It is possible that up to two thirds of people in Britain do not have a will and it is a popular misconception that the deceased’s whole estate will automatically pass to a surviving spouse. However as any heir hunter will tell you this is not necessarily the case and can seem unfair, as it does not provide protection for cohabitants and stepfamilies. The Inheritance (Provision for family and Dependants) Act 1975 may provide a remedy but seeking that remedy can be a prolonged, stressful and expensive experience.
If there is no will in place an unmarried partner is not automatically entitled to inherit anything as marriage takes precedence, and it is married or civil partners of the deceased, and their heirs, who are more likely to inherit.
In December, the Law Commission outlined reforms which suggested that inheritance rights would be given to the surviving partner of an unmarried couple if they had lived together for at least five years, or had a child living with them for at least two years before the death of their partner.
If these reforms are adopted the heir hunting industry will have to locate more cohabitees. A marriage or civil partnership is easy to prove, whereas co habitation involves more searching and is harder to establish, but can be done using other readily available sources. The impact on the work of those searching for and locating missing heirs will not be too great, as it is already incumbent upon a professional heir hunting company to locate all entitled heirs. This is not only a legal responsibility but claims from unknown heirs, after the estate has been distributed, are to be avoided at all costs.
Finders founder Daniel Curran suspects that, as The Law Commission’s definition of a settled relationship is rather vague, when tracing beneficiaries based on co habitation it may be necessary to ask more awkward questions and that it is likely that there will be more disputes and litigation. Finders experience with cases in the US has shown that if the definition of cohabitee is not clear-cut the settlement of an estate can be delayed for years.
Almost 60,000 U.K. marriages end in divorce each year and in second and third marriages the spouse takes priority over the children. If adopted, children lose their original inheritance rights altogrther. The new proposals suggest greater rights for children, which could lead to the search and location process becoming more complex.
It is therefore essential that thorough research is conducted and anecdotal evidence of the number of potential beneficiaries is not taken on face value. Even though a potential heir may claim to be the “only one,” in many cases there will be other heirs who are entitled to inherit. The inheritance tree can extend through, brothers and sisters to cousin’s and even further. The potential for a claim from an unlocated heir is always there and a professional heir hunting company, like Finders, will carry insurance to cover against this. Finders have arrangements with Aviva to cover risks against missing unknown heirs and missing wills.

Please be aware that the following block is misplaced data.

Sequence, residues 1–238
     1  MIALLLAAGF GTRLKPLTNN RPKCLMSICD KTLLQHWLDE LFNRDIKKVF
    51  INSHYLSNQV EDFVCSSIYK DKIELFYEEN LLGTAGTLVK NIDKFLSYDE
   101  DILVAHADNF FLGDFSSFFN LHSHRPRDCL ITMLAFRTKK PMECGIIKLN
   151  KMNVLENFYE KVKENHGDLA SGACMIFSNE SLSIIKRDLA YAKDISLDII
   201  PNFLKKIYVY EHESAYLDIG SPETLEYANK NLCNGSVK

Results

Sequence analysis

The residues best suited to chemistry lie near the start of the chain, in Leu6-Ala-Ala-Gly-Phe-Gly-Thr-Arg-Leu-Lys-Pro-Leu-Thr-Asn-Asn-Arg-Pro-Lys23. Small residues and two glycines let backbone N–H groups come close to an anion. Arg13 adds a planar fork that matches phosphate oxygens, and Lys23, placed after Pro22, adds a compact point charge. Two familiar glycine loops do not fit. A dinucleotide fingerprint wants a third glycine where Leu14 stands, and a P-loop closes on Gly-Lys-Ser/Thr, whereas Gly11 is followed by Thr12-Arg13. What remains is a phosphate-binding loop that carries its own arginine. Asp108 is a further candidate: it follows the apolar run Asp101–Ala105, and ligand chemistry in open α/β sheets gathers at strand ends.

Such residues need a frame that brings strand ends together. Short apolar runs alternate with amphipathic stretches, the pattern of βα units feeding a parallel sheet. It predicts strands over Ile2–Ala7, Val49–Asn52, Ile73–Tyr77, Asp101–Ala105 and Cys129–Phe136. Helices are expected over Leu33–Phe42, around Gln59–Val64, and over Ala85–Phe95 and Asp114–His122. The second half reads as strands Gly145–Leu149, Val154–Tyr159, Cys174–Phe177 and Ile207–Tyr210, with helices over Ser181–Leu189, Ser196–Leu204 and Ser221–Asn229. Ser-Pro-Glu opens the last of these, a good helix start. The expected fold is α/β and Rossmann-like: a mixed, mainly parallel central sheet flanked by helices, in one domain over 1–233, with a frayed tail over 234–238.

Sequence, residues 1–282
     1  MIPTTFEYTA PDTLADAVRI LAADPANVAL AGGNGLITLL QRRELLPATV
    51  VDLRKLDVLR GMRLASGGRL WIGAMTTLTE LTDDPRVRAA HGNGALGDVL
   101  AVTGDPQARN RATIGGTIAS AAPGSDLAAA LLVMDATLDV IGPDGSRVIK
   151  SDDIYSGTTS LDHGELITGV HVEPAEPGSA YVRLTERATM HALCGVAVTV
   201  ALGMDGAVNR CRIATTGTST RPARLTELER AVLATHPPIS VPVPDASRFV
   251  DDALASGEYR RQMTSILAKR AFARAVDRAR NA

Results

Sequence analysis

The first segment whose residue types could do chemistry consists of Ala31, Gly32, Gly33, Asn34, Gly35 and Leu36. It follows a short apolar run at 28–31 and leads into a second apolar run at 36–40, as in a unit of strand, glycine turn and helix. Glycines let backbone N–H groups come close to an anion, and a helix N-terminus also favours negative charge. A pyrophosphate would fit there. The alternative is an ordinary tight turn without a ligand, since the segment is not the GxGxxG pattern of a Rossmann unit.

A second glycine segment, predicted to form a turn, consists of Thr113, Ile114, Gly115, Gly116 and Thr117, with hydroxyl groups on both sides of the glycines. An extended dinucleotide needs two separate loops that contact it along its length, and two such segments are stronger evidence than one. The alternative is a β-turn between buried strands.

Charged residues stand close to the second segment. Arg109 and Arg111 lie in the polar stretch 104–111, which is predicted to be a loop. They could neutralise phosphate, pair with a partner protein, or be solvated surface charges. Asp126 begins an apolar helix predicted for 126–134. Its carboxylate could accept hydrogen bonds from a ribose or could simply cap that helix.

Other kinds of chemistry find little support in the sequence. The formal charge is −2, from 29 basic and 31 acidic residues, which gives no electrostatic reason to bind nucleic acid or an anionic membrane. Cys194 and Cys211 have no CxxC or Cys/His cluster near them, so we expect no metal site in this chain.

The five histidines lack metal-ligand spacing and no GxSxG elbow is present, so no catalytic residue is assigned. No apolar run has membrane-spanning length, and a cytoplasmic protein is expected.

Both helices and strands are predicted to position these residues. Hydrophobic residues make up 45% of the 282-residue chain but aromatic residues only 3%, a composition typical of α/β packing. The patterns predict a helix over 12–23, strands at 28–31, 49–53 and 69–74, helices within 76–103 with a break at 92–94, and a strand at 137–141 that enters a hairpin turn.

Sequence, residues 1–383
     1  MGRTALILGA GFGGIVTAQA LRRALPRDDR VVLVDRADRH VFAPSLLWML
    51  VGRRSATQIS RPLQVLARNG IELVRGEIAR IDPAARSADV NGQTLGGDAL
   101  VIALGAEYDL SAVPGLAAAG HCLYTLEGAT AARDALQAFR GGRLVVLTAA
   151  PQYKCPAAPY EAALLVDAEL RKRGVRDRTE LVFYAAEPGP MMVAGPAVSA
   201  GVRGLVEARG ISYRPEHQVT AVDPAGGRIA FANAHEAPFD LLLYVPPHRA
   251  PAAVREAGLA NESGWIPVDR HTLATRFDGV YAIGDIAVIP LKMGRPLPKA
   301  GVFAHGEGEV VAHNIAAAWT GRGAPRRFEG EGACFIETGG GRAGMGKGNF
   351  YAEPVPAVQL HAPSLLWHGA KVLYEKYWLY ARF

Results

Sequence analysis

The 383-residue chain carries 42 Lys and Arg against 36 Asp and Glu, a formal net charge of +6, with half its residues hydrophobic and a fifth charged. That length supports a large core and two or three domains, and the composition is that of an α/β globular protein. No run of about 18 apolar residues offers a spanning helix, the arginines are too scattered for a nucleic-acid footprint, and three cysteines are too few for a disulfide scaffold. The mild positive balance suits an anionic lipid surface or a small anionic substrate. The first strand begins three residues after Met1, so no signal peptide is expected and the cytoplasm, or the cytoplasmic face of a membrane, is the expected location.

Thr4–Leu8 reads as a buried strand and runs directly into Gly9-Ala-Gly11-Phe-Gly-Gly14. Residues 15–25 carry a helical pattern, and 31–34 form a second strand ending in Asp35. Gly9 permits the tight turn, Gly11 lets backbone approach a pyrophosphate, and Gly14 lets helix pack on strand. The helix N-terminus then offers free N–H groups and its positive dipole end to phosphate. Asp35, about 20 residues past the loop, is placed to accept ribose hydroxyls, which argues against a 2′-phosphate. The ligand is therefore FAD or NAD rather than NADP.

Of course one hopes to never claim against an insurance policy so the best protection is to use an established company with experienced researchers and avoid the temptation of appointing an individual heir hunter who may be inexperienced, unqualified and uninsured.
Established probate genealogists are finding that more and more DIY practitioners are coming to them as they have misunderstood intestacy laws and failed to locate all the heirs or have found incorrect beneficiaries and do not have insurance cover because of the number of claims they have incurred due to incomplete research.
Competition between probate genealogy companies has increased, but the favoured method of charging is by a contingency fee, which is still seen as being preferable to an hourly rate. Contingency fees are fairer to the heirs as their use achieves low cost and efficient and speedy resolution especially in the case of partial intestacy.
Alternative business structures could be considered and a fixed fee may be appropriate in certain cases where certainty of cost is required. However, the number of cases dealt with by contingency fee continues to increase, with solicitors aware of the need to avoid a conflict between the duty to find all beneficiaries and the desire of known heirs for them not to be found. Even heir hunters who have campaigned against contingency fees are increasingly adopting them when locating missing heirs.
Lawyers shouldn’t fall into the trap of doing it themselves. The services professional probate genealogists offer are wider than just the location of beneficiaries. They will not only locate the beneficiaries but, verify that a will is the most current one, confirm that all the assets of an estate have been found and most essentially give the lawyer peace of mind as their work can be seen as best practice by the legal profession. The probate genealogist will also be better equipped to carry out investigative work and they are increasingly being used to value and sell assets, particularly when they are owned overseas.
So, as the industry prepares for any changes it remains as competitive as ever, and although individuals may take some work from the established companies they are producing as much when they get it wrong. Always check the credentials before appointing a probate genealogist and make sure they have that essential insurance cover.
For further information and advice contact Finders